City willing to explore homeless crisis options
Unlike Multnomah County Chair Deborah Kafoury, Mayor Charlie Hales is not opposed to opening the Wapato Jail in North Portland for homeless services.
Hales is not pushing for it, either, but says the county needs to consider all of its options as it works with the city to solve the homeless crisis.
Were making stone soup here, and everyone needs to bring what they can to the table, Hales told the Portland Tribune editorial board last week.
The jail was completed in 2004 for $58 million but never opened. Kafoury has rejected the idea of opening it for homeless services, citing financial, transportation and humanitarian issues.
According to Hales, the inability of city and county homeless programs to reduce the number of people living on the streets in recent years calls for new approaches to the problem. He and Kafoury have pledged $30 million for shelters and new affordable housing projects, with Hales committing $20 million and Kafoury promising $10 million.
Hales says the renewed commitment to reducing homelessness is making progress. For example, he notes the city soon will open a new emergency shelter for up to 100 men in the Washington Center building at Southwest Fourth Avenue and Washington Street. Building owner Barry Menashe is donating the use of the building to the city for 30 to 60 days and perhaps longer while it is being sold.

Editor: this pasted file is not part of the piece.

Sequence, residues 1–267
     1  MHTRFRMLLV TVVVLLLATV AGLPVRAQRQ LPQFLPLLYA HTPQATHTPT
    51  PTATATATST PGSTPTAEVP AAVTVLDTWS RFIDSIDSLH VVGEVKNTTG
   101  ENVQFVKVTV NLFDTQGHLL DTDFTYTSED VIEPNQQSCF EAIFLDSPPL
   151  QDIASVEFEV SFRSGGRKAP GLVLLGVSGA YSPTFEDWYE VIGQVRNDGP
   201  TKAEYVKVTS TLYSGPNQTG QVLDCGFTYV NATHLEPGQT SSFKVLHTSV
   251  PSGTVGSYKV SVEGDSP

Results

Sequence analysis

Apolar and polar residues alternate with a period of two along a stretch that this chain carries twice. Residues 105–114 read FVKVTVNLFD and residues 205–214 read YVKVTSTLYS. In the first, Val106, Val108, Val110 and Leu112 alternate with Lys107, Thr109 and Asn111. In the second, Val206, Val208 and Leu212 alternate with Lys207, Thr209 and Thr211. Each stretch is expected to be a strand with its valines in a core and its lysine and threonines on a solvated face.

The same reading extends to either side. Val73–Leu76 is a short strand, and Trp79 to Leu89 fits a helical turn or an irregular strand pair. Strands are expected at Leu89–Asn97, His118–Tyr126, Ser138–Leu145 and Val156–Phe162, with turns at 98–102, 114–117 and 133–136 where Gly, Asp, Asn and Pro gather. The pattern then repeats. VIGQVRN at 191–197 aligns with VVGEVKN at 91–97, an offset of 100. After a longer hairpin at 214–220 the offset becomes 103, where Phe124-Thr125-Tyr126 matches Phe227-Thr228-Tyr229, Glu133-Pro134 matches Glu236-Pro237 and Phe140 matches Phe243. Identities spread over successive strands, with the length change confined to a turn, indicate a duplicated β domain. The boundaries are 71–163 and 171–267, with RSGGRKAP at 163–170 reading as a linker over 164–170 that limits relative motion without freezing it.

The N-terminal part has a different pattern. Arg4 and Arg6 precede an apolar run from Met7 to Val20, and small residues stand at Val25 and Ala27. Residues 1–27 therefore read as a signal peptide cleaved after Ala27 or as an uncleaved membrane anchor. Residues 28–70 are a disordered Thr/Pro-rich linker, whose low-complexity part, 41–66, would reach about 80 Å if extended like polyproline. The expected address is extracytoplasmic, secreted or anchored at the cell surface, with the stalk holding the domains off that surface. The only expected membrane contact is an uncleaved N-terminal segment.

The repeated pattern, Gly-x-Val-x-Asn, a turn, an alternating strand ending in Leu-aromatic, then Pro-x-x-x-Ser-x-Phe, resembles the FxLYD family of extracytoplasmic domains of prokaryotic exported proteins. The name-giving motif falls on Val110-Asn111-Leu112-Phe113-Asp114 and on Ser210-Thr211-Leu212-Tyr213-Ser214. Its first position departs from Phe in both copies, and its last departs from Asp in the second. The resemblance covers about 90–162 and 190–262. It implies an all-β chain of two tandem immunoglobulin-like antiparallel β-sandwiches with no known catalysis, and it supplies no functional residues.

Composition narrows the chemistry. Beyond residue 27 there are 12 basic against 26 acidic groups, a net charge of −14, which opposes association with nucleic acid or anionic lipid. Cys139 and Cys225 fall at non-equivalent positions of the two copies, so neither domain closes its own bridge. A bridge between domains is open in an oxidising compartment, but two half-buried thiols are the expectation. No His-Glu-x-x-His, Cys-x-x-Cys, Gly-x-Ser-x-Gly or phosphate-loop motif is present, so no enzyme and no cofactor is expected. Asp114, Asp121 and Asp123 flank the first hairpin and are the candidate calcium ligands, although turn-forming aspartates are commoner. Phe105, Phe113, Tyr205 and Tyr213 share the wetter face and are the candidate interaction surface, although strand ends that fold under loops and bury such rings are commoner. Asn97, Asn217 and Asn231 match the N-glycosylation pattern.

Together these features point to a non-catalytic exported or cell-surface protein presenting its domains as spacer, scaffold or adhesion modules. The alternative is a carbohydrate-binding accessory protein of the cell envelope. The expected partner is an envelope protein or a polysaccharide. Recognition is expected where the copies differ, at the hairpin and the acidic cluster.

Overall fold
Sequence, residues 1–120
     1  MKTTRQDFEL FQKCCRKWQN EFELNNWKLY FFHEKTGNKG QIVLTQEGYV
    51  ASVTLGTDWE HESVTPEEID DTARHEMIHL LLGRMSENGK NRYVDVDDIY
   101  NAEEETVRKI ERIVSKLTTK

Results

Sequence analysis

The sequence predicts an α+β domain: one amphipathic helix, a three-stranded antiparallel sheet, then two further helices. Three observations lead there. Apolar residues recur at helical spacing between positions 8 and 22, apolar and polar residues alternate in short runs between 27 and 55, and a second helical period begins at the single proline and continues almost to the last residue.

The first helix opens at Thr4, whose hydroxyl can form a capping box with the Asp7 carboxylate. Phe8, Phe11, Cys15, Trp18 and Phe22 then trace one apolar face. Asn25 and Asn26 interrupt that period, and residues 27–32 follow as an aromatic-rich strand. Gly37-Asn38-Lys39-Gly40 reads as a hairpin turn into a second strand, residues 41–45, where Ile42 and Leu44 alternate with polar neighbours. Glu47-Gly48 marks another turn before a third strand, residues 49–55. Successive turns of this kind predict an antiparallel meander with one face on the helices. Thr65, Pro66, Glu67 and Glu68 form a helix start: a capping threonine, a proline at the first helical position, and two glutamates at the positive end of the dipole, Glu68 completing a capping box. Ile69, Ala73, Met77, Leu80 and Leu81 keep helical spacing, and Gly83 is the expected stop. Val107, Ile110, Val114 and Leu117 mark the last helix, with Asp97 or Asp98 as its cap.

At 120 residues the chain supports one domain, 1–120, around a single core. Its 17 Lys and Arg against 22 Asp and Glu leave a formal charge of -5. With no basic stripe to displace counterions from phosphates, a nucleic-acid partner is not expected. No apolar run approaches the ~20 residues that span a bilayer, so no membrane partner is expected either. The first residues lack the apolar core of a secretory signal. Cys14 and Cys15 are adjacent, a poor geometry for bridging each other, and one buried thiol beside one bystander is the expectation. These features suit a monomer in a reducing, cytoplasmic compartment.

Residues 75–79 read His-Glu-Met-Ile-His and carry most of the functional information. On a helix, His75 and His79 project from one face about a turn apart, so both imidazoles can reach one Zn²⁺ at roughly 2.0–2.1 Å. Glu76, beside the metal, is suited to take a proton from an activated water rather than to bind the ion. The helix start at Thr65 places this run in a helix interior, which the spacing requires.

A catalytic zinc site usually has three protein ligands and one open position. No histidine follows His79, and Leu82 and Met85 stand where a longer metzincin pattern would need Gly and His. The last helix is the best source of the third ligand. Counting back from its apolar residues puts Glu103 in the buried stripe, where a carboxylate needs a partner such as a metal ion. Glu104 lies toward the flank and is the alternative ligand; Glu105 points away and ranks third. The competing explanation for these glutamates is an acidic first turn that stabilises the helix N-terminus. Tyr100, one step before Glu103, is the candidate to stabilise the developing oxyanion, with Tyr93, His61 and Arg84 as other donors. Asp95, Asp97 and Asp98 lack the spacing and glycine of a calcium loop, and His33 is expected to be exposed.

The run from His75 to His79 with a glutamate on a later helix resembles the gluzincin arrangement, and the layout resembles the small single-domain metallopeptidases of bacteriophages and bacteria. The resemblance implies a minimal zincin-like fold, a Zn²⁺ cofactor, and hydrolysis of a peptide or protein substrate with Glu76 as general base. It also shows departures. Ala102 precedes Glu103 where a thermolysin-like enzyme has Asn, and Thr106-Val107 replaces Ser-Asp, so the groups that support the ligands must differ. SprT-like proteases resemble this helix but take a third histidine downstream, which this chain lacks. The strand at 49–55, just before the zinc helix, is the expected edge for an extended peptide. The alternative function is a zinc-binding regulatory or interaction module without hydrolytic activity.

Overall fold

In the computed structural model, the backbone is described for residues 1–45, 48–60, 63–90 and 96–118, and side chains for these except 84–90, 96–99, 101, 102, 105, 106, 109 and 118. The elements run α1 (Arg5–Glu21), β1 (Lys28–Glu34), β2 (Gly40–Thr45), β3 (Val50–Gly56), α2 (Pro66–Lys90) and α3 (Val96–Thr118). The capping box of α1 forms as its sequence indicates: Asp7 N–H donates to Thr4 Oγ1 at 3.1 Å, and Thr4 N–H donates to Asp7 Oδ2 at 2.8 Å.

Menashe says his decision to allow the city to use the building as a homeless shelter is both personal and professional. He knows the toll homelessness can take on a family first-hand. A brother and sister both died in their 50s after periods of living on Portland streets. But as a downtown property owner, he also knows homeless people sleeping in doorways can hurt business.
Theres a human side and a business side. I see the homeless downtown and have an empty building, so I decided to offer it to the city.
The city previously opened a six-month, 150-bed shelter for women and couples in the former Jerome Sears Army Reserve Center in Southwest Portland in November. Multnomah County expects to open a permanent 130-bed shelter for women and children at the site of a former strip club at Southeast 160th and Powell in February.
But perhaps the most visible response to homelessness is a new unwillingness by the city to sweep homeless camps unless they present a public health or safety threat.
You cant tell campers they have to move, but not tell them where they can go. If crimes are happening there, then we will shut them down. But if they are just messy, we should provide services to help clean them up, Hales said.
The shift has been most controversial so far in North Portland, where the Hazelnut Grove homeless camp has been allowed to stay on a slice of city-owned land above North Greeley Avenue, despite complaints from nearby residents and the Overlook Neighborhood Association. The city is working to remove campers on adjoining Oregon Department of Transportation property, and installed a fence last week to designate where it will continue allowing camping to occur in the future.
According to Hales, the city will be less tolerant about camping once enough shelter, transitional housing and affordable housing is created that campers have somewhere to go. He does not expect that to happen for another five years, however.